No Score Yet Puss & kram (Hugs and Kisses) (2012) In the end, the film (directed by Jonas Cornell) suffers from the same uncertainty and lassitude the characters have, its whimseys not always inventive, its charm not as clear and new as some of its predecessors. But it is a nice movie all the same. ‐ New York Times
Read More | Posted Jan 9, 2018
No Score Yet Skupljaci Perja (Happy Gypsies) (I Even Met Happy Gypsies) (1968) What happens, then, is an almost pure case of being amused by some of the film without the slightest idea of what people are up to.‐ New York Times
Read More | Posted Jan 9, 2018
No Score Yet Sol Madrid (1968) It is a strong cast. Telly Savalas and Rip Torn, in particular, act fine, consistent villains-Mr. Savalas heavy, comic and civilized, Mr. Torn, callow and lip curling.‐ New York Times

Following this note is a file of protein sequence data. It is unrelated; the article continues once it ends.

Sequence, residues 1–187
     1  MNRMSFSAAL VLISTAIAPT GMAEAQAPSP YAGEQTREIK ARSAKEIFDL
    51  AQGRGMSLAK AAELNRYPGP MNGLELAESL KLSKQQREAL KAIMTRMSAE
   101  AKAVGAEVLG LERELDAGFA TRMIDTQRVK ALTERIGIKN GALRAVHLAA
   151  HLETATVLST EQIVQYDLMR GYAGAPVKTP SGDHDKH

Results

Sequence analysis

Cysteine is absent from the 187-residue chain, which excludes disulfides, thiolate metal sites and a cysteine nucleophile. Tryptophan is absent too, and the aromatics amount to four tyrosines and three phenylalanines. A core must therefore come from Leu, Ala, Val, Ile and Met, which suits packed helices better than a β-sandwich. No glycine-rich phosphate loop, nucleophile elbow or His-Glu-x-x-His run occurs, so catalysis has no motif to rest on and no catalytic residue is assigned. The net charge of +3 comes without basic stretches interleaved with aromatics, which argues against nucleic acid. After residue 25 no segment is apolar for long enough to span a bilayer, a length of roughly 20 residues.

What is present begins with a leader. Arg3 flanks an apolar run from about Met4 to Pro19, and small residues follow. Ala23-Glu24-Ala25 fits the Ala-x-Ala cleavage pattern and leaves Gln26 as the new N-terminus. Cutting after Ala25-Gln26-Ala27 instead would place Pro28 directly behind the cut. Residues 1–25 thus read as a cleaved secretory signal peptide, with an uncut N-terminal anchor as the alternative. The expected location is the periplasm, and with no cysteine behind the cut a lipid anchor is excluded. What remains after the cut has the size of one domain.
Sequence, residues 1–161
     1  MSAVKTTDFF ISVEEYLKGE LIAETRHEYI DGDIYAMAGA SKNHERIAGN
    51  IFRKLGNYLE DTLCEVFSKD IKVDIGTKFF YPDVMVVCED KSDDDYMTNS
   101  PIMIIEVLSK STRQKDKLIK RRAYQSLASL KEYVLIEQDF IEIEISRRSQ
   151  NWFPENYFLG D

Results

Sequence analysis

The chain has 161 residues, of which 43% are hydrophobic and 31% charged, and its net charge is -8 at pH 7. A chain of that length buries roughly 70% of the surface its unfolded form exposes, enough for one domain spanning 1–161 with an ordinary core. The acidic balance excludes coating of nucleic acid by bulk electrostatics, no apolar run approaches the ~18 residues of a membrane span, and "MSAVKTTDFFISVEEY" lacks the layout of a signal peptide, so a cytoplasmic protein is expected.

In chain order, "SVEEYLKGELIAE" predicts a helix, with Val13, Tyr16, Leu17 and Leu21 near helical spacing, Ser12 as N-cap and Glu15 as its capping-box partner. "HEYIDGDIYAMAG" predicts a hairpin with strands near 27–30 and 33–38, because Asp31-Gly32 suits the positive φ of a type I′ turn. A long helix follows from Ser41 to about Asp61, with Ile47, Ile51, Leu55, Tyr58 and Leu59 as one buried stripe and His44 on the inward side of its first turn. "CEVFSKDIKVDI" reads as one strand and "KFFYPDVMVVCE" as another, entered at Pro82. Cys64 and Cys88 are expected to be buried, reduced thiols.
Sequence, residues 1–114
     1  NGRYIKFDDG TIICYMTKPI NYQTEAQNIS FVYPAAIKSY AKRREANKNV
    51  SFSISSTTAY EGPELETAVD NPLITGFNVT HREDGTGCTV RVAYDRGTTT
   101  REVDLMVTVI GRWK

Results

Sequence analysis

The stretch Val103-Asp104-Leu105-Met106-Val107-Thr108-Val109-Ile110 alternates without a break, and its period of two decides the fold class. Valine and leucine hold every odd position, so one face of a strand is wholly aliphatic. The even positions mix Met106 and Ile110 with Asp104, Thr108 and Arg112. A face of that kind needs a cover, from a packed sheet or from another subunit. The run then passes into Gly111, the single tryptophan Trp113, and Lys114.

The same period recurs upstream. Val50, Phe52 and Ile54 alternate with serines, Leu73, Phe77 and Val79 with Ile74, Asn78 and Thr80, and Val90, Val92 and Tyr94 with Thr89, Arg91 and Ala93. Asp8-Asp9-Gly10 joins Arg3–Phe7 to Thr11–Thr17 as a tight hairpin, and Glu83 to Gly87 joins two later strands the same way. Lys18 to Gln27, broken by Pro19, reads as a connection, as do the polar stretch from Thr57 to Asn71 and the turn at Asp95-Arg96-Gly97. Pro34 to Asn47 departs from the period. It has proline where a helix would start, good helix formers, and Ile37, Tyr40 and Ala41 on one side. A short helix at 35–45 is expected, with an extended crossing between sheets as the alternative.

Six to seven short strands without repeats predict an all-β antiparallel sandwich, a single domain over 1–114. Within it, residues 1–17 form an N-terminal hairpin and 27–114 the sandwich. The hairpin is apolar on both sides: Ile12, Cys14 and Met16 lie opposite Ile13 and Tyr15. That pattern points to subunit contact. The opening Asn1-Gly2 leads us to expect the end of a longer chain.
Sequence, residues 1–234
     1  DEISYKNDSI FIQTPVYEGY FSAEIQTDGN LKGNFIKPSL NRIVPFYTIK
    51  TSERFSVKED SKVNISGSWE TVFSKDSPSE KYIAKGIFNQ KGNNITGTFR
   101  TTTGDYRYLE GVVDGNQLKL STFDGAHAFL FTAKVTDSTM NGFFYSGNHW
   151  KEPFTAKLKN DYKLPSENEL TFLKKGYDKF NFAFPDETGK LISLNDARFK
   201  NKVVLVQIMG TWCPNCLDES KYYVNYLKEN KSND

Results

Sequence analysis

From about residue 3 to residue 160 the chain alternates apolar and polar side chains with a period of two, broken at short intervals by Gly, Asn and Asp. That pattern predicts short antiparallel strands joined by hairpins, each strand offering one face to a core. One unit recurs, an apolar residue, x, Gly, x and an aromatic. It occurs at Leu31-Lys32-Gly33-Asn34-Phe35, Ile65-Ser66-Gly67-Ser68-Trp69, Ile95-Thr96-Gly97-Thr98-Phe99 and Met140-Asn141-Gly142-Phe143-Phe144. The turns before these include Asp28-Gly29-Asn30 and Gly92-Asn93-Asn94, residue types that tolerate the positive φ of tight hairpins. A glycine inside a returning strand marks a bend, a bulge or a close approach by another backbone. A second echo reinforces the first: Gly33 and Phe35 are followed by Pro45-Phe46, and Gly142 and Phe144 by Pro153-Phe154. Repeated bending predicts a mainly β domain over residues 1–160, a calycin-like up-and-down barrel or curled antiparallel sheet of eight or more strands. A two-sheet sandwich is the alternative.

Read More | Posted Jan 9, 2018
No Score Yet L'Uomo dei Cinque Palloni (Break Up) (The Man with the Balloons) (1965) The rhythm of the film, the way it is cut and put together, is altogether skittish and out of phose-so that it is very hard even to pay attention to what is going on.‐ New York Times
Read More | Posted Jan 9, 2018
100% ...And the Fifth Horseman is Fear (...a paty jezdec je Strach) (1968) So beautifully and thoughtfully made - well written and acted, shot with perfect economy and care-that one is almost surprised at the end to be very much moved by the substance of it.‐ New York Times
Read More | Posted Jan 9, 2018
No Score Yet Interlude (1957) This may be the way it is in life and in England (where the film is set) but it doesn't sustain a narrative. There is nothing particularly startlingly true-ringing about what they do or say or are, and the burden on the acting is just too great.‐ New York Times
Read More | Posted Jan 9, 2018
No Score Yet The One and Only, Genuine, Original Family Band (1968) There are also several uneasy, convictionless patriotic numbers-with talk of unity after fights that divide a nation-which suggest, that worry about national ideals is shaking even the values of musicals.‐ New York Times